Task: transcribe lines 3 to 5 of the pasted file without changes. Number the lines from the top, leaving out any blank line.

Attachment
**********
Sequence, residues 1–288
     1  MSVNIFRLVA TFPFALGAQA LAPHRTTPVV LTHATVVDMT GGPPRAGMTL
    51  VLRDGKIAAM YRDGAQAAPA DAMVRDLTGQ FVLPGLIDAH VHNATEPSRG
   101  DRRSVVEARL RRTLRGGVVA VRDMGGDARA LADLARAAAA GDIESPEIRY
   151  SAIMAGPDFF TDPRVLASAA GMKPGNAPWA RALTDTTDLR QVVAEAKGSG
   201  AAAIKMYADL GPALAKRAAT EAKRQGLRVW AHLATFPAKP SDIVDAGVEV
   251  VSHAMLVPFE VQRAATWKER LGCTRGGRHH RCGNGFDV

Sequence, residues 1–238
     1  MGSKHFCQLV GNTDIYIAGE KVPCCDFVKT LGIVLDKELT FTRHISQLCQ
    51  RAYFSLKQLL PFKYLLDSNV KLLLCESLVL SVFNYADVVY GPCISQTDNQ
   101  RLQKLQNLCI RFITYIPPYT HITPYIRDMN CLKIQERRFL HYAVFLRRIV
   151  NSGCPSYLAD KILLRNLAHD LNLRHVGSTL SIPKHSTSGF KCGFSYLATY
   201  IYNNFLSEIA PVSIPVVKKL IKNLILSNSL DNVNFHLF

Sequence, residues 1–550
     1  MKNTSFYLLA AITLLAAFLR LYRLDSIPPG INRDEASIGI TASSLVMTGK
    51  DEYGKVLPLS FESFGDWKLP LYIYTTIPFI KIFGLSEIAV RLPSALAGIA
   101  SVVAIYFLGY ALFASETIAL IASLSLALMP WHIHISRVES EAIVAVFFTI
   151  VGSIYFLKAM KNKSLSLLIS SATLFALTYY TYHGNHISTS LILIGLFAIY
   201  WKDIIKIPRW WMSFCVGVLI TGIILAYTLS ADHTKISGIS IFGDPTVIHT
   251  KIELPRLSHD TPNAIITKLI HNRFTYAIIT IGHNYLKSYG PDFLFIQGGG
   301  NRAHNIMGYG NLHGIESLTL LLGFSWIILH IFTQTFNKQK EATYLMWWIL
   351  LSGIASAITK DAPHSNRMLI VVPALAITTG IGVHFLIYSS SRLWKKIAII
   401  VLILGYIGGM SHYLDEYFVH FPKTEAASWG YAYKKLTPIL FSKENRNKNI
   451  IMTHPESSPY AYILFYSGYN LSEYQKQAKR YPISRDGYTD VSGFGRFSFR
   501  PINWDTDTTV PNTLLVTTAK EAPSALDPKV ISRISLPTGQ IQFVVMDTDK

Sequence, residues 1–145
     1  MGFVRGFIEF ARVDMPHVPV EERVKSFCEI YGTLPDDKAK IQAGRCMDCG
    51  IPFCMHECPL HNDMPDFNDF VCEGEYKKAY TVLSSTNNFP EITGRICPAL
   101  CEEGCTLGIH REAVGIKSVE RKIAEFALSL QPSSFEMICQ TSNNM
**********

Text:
    51  VLRDGKIAAM YRDGAQAAPA DAMVRDLTGQ FVLPGLIDAH VHNATEPSRG
   101  DRRSVVEARL RRTLRGGVVA VRDMGGDARA LADLARAAAA GDIESPEIRY
   151  SAIMAGPDFF TDPRVLASAA GMKPGNAPWA RALTDTTDLR QVVAEAKGSG